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Health Care Funding Didn't Have a Prayer

November 22, 2000|DANA PARSONS

Orange County Supervisor Tom Wilson led the room in prayer. He thanked God for our Thanksgiving bounty and ended by reminding us it's our duty to do whatever we can for the less fortunate.

An hour later, he and his fellow board members voted to accept bids for valet parking at John Wayne Airport.

Blessed are the frequent fliers, for they shall inherit the Earth.

There wasn't a dry eye in the house after the vote.

Seldom do we see such a direct and prompt correlation between spiritual intent and public policy.

The board wasn't done.

No doubt infused with Wilson's beneficence, the board later went into executive session to take up the issue of whether to challenge Measure H in court and, presumably, divert money from health care to debt reduction.

Surely, with Wilson's prayer ringing in their ears, they wouldn't do such a thing.

Alas, when they emerged in the late afternoon Tuesday, the board majority led by Chairman Chuck Smith had done just that, voting 3 to 2 to challenge.

On Nov. 7, Orange County voters overwhelmingly passed Measure H (almost 2 to 1) as a way to tell the board how to spend millions a year in tobacco-settlement money. The voters opted to spend about 80% on health-related concerns, which they contended had been neglected for too long.

That was twice as much concern as Smith had in mind. He supported the defeated Measure G, which would have spent as much on reducing the county's bankruptcy debt as on health-related items.

Given the vote on election day, you'd think the board majority of Smith, Cynthia Coad and Jim Silva might yield.

You might also think they believe in the rights of turkeys to live in peace at Thanksgiving.

Valet Parking? Done!

Indeed, even before leading his charges behind closed doors on Tuesday, Smith had signaled his disdain for the public's voting habits.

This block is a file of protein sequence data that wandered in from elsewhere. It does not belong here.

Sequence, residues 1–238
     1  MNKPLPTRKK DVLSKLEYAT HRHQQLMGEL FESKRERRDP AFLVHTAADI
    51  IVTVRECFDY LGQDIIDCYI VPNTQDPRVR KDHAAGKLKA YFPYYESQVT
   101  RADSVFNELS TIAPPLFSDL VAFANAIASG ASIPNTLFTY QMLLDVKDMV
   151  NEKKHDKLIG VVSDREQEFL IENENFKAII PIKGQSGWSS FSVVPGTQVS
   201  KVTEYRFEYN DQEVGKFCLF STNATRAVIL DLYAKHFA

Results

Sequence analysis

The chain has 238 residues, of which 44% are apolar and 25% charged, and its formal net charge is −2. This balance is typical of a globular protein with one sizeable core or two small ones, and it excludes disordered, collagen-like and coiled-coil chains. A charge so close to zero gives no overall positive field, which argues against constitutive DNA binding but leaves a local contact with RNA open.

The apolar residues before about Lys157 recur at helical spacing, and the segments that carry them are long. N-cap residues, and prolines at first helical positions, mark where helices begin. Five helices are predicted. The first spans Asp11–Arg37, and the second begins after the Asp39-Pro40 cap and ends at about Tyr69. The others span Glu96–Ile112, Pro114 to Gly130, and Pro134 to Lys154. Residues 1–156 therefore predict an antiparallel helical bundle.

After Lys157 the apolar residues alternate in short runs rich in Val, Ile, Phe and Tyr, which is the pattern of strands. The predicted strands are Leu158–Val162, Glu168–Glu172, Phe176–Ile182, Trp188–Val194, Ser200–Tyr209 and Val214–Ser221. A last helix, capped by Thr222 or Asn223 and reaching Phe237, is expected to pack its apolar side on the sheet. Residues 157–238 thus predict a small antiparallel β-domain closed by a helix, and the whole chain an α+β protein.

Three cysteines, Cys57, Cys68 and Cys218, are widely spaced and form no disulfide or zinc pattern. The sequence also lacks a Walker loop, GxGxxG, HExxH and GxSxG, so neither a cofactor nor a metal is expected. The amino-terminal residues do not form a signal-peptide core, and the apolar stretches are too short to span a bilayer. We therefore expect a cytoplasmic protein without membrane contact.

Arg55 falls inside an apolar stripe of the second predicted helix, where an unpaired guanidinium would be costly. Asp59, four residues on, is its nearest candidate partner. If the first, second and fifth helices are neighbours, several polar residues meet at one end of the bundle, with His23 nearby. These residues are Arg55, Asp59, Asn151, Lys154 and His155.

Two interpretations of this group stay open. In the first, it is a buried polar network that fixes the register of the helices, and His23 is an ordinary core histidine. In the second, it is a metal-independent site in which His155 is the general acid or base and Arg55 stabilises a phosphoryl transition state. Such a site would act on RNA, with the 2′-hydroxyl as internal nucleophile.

On Monday, he led Coad and Silva through their paces and said he's rethinking a pre-election arrangement with supporters of Measure H, in which the board had agreed to divide evenly this year's tobacco windfall, estimated at $28 million, between health-related items and debt reduction and other items.

Not so fast, Smith now says.

Realizing that the board's hands may be tied in future years when Measure H kicks in, the chairman no longer wants to be bound by the 50-50 agreement this year.

Smith even tossed a figure of 80% to be spent on debt reduction. Hey, what a coincidence--that's the amount the Measure H would spend on health.

If Smith is serious about the 80%, it smacks of a Bronx cheer to the county's health-care community.

Oh well, let's not inject negativity in this season of thanksgiving. Let's get back to the vote on the airport valet service.

As unsure as it is about health care, the board majority is certain about helping air travelers.

Smith, Silva and Coad joined Wilson from the get-go in agreeing to take bids on a plan to see if the county can make money from departing passengers needing valet parking at John Wayne.

Supervisor Todd Spitzer was the only one who demurred, wondering what evidence there was that travelers wanted such a thing. And, he asked, will they pay a premium price for valet service if it means their car still will be parked outdoors while they're gone?

Airport director Alan Murphy said a survey of 12 other airports with valet service suggests the idea will fly and that outdoor parking shouldn't be a problem.

Spitzer persuaded his fellow supervisors to reduce the maiden contract from three years to one, because as he said of the venture, "We may make money, we may not."

But even Spitzer's initial skepticism eventually gave way to wanting to help the needy air traveler, and he made the vote 5 to 0.

All in all, it was a full day of deciding what to do about the less fortunate.

Yes, blessed are the air travelers.

Not so blessed, it seems, are those in need of health services.


Dana Parsons' column appears Wednesday, Friday and Sunday. Readers may reach Parsons by calling (714) 966-7821 or by writing to him at the Times Orange County Edition, 1375 Sunflower Ave., Costa Mesa, CA 92626, or by e-mail to

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